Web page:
“It seems pretty obvious at this point that the people who’ve profited the most from the 2008 global economic collapse, our corporate citizens who’ve been bailed out and are constantly being supported by monthly taxpayer financed subsidies via “Quantitive Easing” policies are driving the current global economic and ecological  downturn. Depressing wages, eliminating workers, stripping worker protections, destroying food and water supplies, taking ownership of all,  replacing jobs with living wages with jobs with slave wages, asserting supra-governmental control via a number of secret laws, directives, policies, treaties and trade agreements.  Logic dictates that fewer workers with less spending power = failing economy.  Yet this logic is ignored. This is happening world wide for the most part. It’s clear that the governments worldwide are no longer representative of their people. They’re serving as facilitators and gatekeepers of a global neo-feudalist control system being emplaced. The people continue to honor the social contract between them and the state while the state has thrown it out, and entered into a new contract with the 0.5%. How else to explain half the world living in poverty, when the 100 people could end it 4 times over. How else to explain GM and Chrysler being bailed out while the city around them, Detroit, is being allowed to go bankrupt, not mentioned ONCE in Obama’s latest rhetorical master speech on the U.S. Economy, even as he crowed about saving the U.S. Auto Industry. How else to explain Citigroup’s profits increasing by 42% as it cuts its workforce and makes more than 50% of its profits outside of the U.S.? We have to have real conversations about the fatal corruption of the capitalist system by greed for money. The system is irreparably corrupted by money and amorality. What do we do when a computer’s system is corrupted? We fix it, or if it’s beyond repair, we replace it with a new system. This is what must be done with our economic system. We must replace it.” – OSJ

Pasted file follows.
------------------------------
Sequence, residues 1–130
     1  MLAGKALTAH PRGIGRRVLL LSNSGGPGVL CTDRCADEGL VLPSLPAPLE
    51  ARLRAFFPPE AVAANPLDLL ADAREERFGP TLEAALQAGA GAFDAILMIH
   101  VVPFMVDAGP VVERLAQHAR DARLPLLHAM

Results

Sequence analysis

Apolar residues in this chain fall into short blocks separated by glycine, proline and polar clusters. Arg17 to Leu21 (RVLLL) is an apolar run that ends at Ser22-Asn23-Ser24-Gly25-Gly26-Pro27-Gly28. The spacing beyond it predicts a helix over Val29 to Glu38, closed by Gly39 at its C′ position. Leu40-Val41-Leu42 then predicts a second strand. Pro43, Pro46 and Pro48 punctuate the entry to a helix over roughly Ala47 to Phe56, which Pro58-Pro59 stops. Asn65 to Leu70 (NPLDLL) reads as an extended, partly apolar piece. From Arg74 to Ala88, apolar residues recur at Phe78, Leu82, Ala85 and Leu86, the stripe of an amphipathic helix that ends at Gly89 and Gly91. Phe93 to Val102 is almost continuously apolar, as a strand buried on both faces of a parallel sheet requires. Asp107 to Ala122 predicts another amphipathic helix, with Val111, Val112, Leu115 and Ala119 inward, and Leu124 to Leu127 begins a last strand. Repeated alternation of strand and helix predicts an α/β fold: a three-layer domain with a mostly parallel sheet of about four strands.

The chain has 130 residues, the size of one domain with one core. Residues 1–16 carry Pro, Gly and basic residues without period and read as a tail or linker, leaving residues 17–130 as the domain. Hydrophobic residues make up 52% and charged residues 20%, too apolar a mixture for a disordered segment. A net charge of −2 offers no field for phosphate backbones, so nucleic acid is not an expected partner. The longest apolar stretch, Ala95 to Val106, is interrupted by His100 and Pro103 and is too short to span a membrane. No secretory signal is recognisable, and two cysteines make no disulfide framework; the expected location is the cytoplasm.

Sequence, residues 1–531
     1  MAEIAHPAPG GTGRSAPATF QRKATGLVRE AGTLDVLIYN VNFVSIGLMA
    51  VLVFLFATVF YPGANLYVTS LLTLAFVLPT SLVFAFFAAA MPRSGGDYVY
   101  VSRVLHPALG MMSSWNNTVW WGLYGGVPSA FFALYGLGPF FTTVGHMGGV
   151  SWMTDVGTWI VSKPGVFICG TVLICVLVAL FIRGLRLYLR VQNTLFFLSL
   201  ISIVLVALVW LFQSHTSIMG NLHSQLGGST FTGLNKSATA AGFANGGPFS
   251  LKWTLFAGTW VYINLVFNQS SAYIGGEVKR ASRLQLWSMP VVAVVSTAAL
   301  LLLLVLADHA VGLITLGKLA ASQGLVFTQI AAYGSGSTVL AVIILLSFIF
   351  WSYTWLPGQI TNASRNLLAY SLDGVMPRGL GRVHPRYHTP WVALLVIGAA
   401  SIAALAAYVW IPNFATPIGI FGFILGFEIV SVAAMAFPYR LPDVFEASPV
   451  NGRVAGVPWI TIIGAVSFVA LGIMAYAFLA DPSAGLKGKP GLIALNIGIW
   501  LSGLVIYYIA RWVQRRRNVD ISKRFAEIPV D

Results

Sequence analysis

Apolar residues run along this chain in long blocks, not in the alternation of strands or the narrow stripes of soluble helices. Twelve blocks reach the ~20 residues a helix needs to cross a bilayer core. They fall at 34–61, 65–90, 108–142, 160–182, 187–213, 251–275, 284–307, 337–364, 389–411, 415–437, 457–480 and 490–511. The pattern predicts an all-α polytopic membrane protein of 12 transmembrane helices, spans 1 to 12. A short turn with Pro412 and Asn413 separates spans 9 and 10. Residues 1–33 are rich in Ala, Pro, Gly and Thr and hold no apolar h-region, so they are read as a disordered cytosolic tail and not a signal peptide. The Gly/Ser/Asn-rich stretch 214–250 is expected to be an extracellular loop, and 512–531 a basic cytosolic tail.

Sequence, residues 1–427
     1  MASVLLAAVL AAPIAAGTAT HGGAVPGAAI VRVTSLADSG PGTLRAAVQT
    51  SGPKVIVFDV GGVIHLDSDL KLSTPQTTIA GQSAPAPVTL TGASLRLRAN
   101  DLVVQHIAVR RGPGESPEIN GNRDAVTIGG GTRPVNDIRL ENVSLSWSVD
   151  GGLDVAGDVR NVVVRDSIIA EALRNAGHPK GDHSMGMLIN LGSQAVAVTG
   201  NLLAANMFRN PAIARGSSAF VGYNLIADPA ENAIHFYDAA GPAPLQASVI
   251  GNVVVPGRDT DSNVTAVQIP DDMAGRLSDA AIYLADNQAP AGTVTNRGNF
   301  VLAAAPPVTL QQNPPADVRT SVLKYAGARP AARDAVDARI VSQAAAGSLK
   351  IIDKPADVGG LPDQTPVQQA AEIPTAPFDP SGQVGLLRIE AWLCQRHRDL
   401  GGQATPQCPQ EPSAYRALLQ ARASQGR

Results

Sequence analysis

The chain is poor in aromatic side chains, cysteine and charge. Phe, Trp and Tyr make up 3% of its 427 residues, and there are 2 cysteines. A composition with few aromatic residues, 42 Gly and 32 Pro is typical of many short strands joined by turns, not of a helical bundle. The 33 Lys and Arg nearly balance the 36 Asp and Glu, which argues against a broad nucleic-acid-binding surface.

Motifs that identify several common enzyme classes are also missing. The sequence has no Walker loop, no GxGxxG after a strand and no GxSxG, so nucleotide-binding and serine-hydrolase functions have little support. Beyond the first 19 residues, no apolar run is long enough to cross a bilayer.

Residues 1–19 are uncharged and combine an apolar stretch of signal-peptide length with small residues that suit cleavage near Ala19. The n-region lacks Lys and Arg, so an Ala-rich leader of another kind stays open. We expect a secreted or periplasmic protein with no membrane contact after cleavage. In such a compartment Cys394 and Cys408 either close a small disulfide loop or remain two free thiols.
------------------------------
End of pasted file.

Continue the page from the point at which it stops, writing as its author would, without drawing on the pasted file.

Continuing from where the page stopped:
By Mandeep Tiwana @ Al Jazzera English:

The people are angry. In Turkey, Brazil, and most recently again, Egypt, thousands have taken to the streets to voice their anger and frustration at the lack of social and economic justice. Political and economic elites, working in tandem, have managed to neutralise the aspirations of ordinary people, in part spurring the disenfranchisement driving the protests.

Whether it is the removal of subsidies  [3]protecting the poor against inflation and price shocks in Egypt, or the enormous cost of hosting high profile sporting events  [4]in Brazil at the expense of social services, or government plans to commercialise  [5]a beloved public park in the heart of Istanbul, the headlong embrace of neoliberal economic policies by governments is likely to cause further dissatisfaction and unrest across the globe.

Neo-liberalism, using a dictionary definition, as a “modern politico-economic theory favouring free trade, privatisation, minimal government intervention, reduced public expenditure on social services etc.,” reduces the responsibility of the state while promoting privatisation to favour those with access to resources and influence. It is playing havoc with the lives and livelihoods of ordinary people.